U.S. Catholic seminary enrollment in theology this year is the highest in almost a quarter-century, the Center for Applied Research in the Apostolate reported in the spring issue of its quarterly newsletter, The CARA Report.
The reported growth in seminarians, however, does not begin to match the growth in the U.S. Catholic population, which has increased by about 25 percent in that time period.
“This year’s total of 3,723 is the highest enrollment since the 3,788 reported for 1988-89,” CARA said.
“During the academic year 2011-12, enrollment increased by 63 diocesan seminarians and religious enrollment by 52 seminarians” over the 2010-11 figures, the report states.
CARA, based at Georgetown University in Washington, D.C., has been reporting yearly enrollment figures and other data on U.S. Catholic seminaries and seminarians since the 1967-68 academic year.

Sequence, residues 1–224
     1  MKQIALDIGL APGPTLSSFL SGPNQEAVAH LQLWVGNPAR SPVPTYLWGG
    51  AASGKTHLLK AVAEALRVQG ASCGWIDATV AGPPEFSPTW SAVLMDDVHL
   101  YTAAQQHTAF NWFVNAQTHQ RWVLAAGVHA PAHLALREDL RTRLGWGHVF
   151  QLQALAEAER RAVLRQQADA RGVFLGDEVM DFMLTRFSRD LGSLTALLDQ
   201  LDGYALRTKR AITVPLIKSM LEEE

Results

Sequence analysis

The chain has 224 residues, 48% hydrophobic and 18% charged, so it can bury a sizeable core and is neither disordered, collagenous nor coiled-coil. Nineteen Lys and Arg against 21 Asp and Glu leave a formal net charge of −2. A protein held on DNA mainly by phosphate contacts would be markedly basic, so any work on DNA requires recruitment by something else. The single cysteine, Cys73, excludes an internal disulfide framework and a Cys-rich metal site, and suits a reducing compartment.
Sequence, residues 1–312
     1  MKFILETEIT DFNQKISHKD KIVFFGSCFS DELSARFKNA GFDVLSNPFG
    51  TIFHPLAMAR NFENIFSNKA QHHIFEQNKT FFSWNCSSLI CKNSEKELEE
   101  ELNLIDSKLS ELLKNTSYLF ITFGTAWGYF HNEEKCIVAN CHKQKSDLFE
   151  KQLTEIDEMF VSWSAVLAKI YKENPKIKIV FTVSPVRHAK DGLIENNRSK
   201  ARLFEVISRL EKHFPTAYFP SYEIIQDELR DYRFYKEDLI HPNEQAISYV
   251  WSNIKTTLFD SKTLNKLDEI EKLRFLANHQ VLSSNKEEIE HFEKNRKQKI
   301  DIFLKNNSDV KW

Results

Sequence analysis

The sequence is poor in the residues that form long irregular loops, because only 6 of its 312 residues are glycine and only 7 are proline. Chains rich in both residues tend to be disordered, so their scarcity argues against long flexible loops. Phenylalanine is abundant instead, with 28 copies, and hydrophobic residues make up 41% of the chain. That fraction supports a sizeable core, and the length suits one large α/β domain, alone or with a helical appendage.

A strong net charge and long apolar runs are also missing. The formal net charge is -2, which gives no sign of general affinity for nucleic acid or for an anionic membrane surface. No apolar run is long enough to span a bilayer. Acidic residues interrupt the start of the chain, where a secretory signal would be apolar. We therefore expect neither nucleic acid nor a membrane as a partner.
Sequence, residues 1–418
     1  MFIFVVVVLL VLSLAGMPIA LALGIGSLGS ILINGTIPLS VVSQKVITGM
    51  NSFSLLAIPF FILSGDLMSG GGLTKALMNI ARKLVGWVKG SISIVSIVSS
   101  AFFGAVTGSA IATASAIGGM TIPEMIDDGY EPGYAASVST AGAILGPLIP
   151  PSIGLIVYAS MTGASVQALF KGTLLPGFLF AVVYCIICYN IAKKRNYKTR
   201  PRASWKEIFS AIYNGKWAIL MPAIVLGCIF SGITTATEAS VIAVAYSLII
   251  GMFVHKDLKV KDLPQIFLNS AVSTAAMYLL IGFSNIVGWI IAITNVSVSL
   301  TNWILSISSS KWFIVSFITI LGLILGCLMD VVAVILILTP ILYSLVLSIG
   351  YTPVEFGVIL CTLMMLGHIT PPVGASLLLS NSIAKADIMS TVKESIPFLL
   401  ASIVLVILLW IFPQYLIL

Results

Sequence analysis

At that time, there were more than 8,000 seminarians studying theology, more than 13,400 students in college seminaries, and almost 16,000 high school seminarians.
Since then, U.S. high school seminaries have almost disappeared — down to four programs enrolling 448 students in the current school year, according to the latest CARA study — and college seminary enrollment has dropped almost 90 percent, to 1,355 students in the current academic year.
CARA said the current year’s total of college seminarians was down 105, or 7 percent, from the previous year, and high school enrollment dropped by 84, or 16 percent.
The lower high school and college figures reflect long-term U.S. Catholic cultural trends toward later vocational discernment that CARA and other sociologists of religion have been analyzing and discussing for many years.